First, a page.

Effects of surgery on neurocognitive function in patients with glioma: a meta-analysis of immediate post-operative and long-term follow-up neurocognitive outcomes

Abstract

Purpose

This study aims to identify the neuropsychological tests commonly used for assessment in each neurocognitive domain, and quantify the post-operative changes in neurocognitive function in the immediate post-operation and follow-up.

Methods

With the use of the PubMed, a comprehensive search of the English literature was performed following PRISMA (Preferred Reporting Items for Systematic reviews and Meta-Analyses) guidelines. There were 1021 publications identified for screening. Standardized mean differences (SMD) in neuropsychological task performance were calculated both for immediate post-operation (up to 1 week) and follow-up (up to 6 months).

Results

Out of 12 studies which met the inclusion criteria, 11 studies were analyzed in this meta-analysis, with a total of 313 patients (age range 18–82, 50% males) with intracranial gliomas (45% high-grade, 55% low-grade). Complex attention, language and executive function were the most frequently tested neurocognitive domains. Surgery had a positive impact in the domains of complex attention, language, learning and memory tasks in the immediate post-operative period and sustained improvement at follow-up. In contrast, surgery was found to negatively impact performance for executive function in the immediate post-operative period with sustained decline in performance in the long term.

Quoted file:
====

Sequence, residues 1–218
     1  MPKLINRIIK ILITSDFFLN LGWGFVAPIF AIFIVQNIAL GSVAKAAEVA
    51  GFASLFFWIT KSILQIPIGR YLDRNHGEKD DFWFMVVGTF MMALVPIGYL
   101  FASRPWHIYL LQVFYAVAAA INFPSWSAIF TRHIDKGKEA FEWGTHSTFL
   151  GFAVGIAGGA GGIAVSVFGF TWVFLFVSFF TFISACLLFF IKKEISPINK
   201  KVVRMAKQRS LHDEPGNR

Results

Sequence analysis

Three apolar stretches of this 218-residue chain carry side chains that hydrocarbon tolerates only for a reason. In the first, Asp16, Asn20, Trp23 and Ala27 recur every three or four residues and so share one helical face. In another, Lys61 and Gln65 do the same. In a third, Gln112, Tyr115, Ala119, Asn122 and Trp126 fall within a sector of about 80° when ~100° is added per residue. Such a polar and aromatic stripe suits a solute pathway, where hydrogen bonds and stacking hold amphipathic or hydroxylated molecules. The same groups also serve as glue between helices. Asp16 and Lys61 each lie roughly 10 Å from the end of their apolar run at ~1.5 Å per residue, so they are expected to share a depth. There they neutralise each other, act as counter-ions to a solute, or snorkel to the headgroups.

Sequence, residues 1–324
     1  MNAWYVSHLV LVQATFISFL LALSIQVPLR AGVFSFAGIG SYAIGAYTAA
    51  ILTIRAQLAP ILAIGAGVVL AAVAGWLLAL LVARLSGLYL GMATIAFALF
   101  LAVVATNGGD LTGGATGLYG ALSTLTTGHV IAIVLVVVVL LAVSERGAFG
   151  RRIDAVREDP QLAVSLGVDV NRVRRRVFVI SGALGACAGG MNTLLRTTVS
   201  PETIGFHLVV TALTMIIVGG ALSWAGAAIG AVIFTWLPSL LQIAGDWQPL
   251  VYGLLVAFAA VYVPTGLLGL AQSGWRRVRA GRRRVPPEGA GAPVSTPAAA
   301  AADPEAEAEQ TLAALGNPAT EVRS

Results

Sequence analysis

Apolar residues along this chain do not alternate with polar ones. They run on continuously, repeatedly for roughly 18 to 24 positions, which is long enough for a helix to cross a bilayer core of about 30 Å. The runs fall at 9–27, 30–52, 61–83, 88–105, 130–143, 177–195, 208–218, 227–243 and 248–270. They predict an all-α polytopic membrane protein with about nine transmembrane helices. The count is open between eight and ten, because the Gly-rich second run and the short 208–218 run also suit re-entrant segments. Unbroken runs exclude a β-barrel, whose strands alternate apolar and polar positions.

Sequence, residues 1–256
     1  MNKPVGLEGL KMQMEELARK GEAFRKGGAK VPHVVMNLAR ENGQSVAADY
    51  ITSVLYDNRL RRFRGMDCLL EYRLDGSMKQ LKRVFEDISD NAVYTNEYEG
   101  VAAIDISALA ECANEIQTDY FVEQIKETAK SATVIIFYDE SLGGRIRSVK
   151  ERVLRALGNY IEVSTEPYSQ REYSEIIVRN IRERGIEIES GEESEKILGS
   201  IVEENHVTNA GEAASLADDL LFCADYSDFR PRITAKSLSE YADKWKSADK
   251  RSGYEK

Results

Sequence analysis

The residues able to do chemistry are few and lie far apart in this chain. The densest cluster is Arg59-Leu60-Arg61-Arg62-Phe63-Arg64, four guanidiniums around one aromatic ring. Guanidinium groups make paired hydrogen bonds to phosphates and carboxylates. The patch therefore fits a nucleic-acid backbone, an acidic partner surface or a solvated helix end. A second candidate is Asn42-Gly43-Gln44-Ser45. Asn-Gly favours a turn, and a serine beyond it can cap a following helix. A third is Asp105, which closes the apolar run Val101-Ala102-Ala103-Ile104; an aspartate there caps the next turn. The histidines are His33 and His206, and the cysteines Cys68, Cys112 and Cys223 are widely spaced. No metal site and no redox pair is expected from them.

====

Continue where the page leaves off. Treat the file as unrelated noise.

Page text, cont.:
Conclusions

This meta-analysis suggests that surgery for glioma confers a benefit for the domains of complex attention, language, learning and memory, while negatively affecting executive function, in the periods immediately after surgery and at 6 months follow-up. In addition, awake surgery seemed to confer a beneficial effect on neurocognitive functions. Future research should attempt to standardize a battery of neuropsychological tests for patients undergoing surgical resection for glioma, perhaps with a particular focus on executive function.

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Funding

This research is supported by Singapore Ministry of Health’s National Medical Research Council under its Translational and Clinical Research Flagship Programme - Tier 1 (Project No: NMRC/TCR/016-NNI/2016).

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Correspondence to Nicolas Kon Kam King.

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Ng, J.C.H., See, A.A.Q., Ang, T.Y. et al. Effects of surgery on neurocognitive function in patients with glioma: a meta-analysis of immediate post-operative and long-term follow-up neurocognitive outcomes. J Neurooncol 141, 167–182 (2019). https://doi.org/10.1007/s11060-018-03023-9

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Keywords

  • Glioma
  • Surgical resection
  • Neurocognitive function
  • Adult
  • Meta-analysis